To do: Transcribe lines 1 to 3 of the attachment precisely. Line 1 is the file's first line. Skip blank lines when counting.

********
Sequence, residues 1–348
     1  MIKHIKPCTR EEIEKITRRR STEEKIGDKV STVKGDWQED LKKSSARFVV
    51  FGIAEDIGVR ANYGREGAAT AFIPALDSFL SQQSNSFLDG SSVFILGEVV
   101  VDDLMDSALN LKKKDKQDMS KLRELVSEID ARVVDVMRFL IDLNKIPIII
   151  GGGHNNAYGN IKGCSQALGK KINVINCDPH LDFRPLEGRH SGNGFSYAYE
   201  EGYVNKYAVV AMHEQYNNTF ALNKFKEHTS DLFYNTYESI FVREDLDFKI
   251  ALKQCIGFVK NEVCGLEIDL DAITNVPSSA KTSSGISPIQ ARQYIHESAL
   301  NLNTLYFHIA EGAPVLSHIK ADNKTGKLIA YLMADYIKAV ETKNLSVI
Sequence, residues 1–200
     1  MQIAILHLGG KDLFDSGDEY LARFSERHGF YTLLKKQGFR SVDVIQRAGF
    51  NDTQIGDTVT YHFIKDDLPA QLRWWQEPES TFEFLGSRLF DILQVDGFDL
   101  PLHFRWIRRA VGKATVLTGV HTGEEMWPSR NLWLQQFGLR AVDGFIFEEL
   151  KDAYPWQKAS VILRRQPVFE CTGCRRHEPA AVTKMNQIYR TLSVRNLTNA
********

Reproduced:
Sequence, residues 1–348
     1  MIKHIKPCTR EEIEKITRRR STEEKIGDKV STVKGDWQED LKKSSARFVV
    51  FGIAEDIGVR ANYGREGAAT AFIPALDSFL SQQSNSFLDG SSVFILGEVV